I wore my member’s scarf all that week. Everyone gave me thumbs up or other encouraging signs. After all, due to its underdog status and its general good sportsmanship, the Bulldogs are everyone’s second favourite team, especially if representing Victoria against an interstate club.
At our work grand final afternoon tea, myself and the other Bulldogs stood together proudly wearing our scarves. Someone who was originally from Sydney and who did not know me (or my team) well asked if I was a bandwagon supporter. Bandwagon? Bulldogs are for life, it is where we are from and what we are (not like those a-holes in school who were Hawthorn supporters – from Footscray WTF???).
The Grand Final itself was hard to watch. It is very stressful to watch your team play at the best of times, let alone when so much is at stake. Even before the siren went, when the outcome was beyond doubt, my phone started to be flooded with congratulatory texts from friends and colleagues.
After the game, my brother and I went back to Footscray and celebrated at Hart’s Hotel, one of the pubs closest to the Whitten Oval. When we entered, there were two Sudanese blokes wearing Bulldogs jumpers standing on a table singing ‘Who Let The Dogs Out’ over and over again. A hipster dude kept standing on his chair and singing ‘Sons of the West’.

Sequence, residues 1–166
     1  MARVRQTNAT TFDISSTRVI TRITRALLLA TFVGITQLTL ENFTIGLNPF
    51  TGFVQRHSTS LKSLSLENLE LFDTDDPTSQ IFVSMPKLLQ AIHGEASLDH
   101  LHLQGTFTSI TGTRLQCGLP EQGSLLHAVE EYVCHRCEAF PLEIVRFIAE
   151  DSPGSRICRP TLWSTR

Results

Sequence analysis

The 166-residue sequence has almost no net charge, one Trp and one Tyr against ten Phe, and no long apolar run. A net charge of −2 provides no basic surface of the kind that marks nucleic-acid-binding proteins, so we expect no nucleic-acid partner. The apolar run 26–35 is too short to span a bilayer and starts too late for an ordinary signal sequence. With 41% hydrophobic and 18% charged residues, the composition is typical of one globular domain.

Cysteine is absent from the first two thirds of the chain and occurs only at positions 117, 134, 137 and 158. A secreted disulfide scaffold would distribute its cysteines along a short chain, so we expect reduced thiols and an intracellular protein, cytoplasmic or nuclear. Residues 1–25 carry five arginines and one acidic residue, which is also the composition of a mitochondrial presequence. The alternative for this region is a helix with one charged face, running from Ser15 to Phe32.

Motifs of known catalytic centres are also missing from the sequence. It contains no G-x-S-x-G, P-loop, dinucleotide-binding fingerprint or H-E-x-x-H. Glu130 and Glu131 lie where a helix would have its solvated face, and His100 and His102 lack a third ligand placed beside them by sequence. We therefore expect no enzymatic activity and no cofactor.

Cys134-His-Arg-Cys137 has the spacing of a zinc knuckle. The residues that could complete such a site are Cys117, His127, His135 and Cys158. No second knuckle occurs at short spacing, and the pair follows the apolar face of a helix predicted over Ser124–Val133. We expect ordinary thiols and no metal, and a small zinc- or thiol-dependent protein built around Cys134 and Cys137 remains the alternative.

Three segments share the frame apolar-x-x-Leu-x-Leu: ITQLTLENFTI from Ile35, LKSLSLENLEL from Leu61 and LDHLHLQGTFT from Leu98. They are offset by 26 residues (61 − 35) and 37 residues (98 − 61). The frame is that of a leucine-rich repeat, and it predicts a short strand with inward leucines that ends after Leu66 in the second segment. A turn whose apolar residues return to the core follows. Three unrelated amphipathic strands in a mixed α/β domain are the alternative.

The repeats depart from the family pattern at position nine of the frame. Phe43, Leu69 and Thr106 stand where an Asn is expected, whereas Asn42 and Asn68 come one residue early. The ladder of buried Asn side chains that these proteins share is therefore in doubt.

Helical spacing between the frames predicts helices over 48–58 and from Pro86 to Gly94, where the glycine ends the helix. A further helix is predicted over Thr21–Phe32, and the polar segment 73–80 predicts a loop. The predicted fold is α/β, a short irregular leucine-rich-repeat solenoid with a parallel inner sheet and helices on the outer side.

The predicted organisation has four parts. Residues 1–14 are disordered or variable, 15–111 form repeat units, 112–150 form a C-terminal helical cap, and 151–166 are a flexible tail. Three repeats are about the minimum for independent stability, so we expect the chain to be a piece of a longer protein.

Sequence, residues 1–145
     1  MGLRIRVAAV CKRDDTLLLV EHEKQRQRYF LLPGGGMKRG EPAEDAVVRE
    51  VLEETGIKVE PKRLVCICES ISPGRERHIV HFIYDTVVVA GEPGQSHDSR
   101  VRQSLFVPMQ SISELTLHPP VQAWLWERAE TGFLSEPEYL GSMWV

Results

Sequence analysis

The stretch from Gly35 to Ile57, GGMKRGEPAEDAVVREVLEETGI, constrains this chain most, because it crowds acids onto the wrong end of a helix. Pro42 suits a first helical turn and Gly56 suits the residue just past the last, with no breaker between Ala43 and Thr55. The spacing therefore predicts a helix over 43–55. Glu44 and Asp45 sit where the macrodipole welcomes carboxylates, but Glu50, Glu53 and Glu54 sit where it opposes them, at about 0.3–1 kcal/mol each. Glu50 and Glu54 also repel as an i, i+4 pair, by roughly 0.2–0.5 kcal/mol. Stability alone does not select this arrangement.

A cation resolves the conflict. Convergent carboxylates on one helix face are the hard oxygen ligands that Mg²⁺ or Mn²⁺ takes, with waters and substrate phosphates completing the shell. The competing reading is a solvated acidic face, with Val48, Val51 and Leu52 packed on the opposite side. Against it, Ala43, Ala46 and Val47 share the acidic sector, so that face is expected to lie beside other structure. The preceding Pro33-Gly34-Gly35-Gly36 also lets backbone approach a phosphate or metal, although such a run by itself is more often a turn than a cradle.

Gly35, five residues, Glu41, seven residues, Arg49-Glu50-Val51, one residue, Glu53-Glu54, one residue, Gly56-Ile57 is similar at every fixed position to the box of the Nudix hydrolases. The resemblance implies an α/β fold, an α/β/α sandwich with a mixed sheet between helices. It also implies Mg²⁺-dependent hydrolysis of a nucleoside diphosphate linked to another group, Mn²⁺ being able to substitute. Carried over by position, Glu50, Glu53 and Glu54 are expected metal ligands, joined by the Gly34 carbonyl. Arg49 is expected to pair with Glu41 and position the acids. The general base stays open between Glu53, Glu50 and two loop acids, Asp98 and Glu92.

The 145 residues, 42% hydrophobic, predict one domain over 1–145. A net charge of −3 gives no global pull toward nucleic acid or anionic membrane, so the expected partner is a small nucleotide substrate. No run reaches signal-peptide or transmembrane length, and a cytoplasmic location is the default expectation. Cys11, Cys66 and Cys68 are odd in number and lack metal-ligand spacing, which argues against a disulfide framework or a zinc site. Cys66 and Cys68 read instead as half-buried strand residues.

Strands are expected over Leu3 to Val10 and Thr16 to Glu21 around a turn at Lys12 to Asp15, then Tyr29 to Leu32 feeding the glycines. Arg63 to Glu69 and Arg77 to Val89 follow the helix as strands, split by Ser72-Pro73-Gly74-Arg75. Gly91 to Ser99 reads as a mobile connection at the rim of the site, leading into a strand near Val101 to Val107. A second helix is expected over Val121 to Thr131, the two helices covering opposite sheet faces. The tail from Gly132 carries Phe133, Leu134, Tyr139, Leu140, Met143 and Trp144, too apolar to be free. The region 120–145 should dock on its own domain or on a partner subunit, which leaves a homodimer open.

And the pub almost ran out of beer. (Along the way, my brother and I got on Channel 7 news – a screen shot of that is at the front of this post.)
As I was walking to the tram stop much later on, four young blokes in Bulldogs fan gear stopped me and asked me directions to pubs. They were not from the home town per se, but they knew they needed to come to the home town on this one night in history to celebrate with their fellow supporters.
I could go on and on. About the disappointments during the premiership hangover, and the sudden surge of optimism as we stormed into the finals last year with the press saying that we were back and no-one knew quite how far we could go, given what had happened in 2016.
I am not a tragic for Australian rules football, or for my particular team. But it is still more than a game to me, much more than a game. It is an important part of my identity, that has been there since my earliest memories, and whilst I do not go to as many games as I might, or enjoy watching my team on the TV, I care what happens.
So I will not be asking for a refund for my 2020 membership. My home town team is welcome to the money I have paid them, and I will be willing to pay much more to ensure that radio commentators might say, for many more years to come ‘yet to score’ when we have a bad start to a game.